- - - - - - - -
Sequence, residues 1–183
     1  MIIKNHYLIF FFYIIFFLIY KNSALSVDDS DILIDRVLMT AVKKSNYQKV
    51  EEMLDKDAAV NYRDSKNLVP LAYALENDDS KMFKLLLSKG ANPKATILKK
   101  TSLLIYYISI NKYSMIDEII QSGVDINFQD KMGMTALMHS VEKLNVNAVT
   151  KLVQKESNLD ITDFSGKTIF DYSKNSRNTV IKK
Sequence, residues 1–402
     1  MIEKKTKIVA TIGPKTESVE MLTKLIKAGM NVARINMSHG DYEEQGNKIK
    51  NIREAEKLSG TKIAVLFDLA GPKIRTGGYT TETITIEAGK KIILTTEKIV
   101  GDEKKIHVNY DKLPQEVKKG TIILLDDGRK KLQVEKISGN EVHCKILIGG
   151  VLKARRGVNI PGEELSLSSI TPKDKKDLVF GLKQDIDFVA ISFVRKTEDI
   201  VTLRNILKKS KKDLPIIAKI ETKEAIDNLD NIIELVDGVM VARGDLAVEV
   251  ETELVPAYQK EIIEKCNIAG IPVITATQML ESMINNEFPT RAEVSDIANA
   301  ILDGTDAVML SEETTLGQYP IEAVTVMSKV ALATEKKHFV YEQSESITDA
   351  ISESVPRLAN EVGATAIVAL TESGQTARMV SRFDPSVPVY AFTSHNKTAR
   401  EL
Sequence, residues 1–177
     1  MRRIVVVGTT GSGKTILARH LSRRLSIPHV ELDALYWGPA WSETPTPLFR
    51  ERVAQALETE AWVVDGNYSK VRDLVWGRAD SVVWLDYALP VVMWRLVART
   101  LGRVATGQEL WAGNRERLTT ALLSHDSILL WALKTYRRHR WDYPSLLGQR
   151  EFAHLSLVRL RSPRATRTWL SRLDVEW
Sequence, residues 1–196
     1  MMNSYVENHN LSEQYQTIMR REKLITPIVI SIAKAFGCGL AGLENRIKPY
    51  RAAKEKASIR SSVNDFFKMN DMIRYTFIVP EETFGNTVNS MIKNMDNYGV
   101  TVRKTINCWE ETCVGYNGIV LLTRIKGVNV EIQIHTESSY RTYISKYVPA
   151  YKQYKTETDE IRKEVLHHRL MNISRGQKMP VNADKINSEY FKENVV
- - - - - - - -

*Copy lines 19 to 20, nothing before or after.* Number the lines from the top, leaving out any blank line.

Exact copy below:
   101  LGRVATGQEL WAGNRERLTT ALLSHDSILL WALKTYRRHR WDYPSLLGQR
   151  EFAHLSLVRL RSPRATRTWL SRLDVEW